Wolves are raised in dens and stay close to home. The adults mate in February and then by April the females start looking for den sites. There are usually four to five in an average litter and they are usually born in early April. The pups will leave the den at 10-14 days but stay close by for up to 10 weeks.
We visited the display of bighorn sheep and mountain goats where I learned that the major predators for both of those were the golden eagle, cougars, and humans. The bighorn sheep often butt heads to establish dominance to get to mate with the ewes. They launch themselves at each other, each weighing up to 300 pounds, and repeat until a winner is determined. They butt heads with enough force to kill any other animal but because of their flat, broad heads, they can absorb the hits from each other.
As we traveled through Custer State Park and Glacier National Park, we saw many fallen trees due to lightning strikes, insects (more specifically the pine beetle), disease or fire. We wondered why the forest was not cleaned up but learned today that a dead or dying tree is called a snag. Snags often serve as habitats, providing shelter and food long after the tree is gone. Cavities in the tree may be excavated by birds or other animals so that nothing in nature is wasted.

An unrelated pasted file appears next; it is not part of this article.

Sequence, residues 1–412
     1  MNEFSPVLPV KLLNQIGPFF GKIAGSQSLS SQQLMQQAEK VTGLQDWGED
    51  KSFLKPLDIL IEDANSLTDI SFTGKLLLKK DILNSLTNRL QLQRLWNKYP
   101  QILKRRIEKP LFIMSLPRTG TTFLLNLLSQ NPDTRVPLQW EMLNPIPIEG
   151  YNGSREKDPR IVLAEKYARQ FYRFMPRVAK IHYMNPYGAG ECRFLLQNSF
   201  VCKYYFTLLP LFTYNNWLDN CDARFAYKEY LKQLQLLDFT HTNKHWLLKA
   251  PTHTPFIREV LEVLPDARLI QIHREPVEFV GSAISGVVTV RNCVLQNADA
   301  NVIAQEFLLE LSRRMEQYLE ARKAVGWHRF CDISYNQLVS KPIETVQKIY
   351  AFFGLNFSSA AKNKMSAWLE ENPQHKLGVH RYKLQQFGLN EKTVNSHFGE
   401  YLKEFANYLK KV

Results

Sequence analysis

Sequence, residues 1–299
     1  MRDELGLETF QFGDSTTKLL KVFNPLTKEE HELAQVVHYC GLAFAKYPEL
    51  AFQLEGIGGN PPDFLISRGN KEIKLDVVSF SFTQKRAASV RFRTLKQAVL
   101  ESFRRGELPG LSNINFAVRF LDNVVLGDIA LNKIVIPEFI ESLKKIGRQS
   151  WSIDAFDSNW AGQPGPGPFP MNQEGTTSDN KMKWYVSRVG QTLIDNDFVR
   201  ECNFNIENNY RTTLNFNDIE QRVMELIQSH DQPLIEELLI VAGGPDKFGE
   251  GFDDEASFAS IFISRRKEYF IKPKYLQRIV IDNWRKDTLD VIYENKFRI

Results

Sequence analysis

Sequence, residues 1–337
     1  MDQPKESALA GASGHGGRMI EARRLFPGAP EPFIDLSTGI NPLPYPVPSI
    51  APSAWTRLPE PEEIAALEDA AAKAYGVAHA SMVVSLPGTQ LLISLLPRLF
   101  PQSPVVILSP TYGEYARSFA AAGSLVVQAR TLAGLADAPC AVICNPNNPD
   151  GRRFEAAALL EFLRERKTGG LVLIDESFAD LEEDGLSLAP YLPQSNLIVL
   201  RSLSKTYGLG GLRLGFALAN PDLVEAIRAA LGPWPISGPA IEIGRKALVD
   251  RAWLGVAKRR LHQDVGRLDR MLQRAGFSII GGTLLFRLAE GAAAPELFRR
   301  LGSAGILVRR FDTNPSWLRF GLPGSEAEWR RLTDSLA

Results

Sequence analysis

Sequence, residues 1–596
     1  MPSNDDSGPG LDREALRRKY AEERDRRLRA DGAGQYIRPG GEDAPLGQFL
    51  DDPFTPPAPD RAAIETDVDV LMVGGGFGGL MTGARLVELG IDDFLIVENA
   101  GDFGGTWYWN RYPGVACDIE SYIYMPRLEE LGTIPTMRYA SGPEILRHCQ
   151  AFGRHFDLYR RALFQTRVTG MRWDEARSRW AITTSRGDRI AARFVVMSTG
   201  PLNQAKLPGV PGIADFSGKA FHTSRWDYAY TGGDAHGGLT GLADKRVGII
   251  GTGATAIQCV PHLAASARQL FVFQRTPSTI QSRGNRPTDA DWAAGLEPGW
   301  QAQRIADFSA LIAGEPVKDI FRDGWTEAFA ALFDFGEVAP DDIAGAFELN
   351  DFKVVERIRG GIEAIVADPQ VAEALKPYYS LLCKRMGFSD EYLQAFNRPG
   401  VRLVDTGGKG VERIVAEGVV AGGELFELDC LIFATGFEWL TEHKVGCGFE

By this time, we were both getting hungry. We discussed going back to the campground for lunch but instead decided to eat at the museum. We both had salads in their cafeteria-style restaurant and they were very good. As we were eating, I noticed that Cody’s boyhood home was located right outside the door so as soon as we finished our meal we walked over. It is a partially recreated home of just two rooms although there were more in the original house.
We continued on and stumbled upon the Raptor Experience. A staffer had just finished a talk on the short-haired owl she was carrying. There are eleven birds in the area and all are there because they are unable to live in the wild. The owl has only one wing and the bald eagle also has a damaged wing.
Our next stop was the Whitney Western Art Museum which neither of us thought we would enjoy. How wrong we were. As we walked along, we were amazed at the display of art. Huge sculptures and large paintings that invited you right into the paintings were abundant. Our short time in the gallery turned into a remarkable visit.
At this point, we decided to cut out visit today short and finish up tomorrow since we were planning to go to the rodeo tonight. We walked into the gift shop and as we did we suddenly heard a loud clap of thunder. Thinking we could beat the storm Jerry went to the car to drive over to pick me up. Unexpectedly it began to pour down rain with some hail. Needless to say, Jerry sat out the storm in the car while I waited in the museum. I chatted with another RV couple on their way to West Yellowstone too. He told me it was only 100 miles away. Wrong! 300 miles. East Yellowstone is less than 100 miles away but we too are headed to the west side.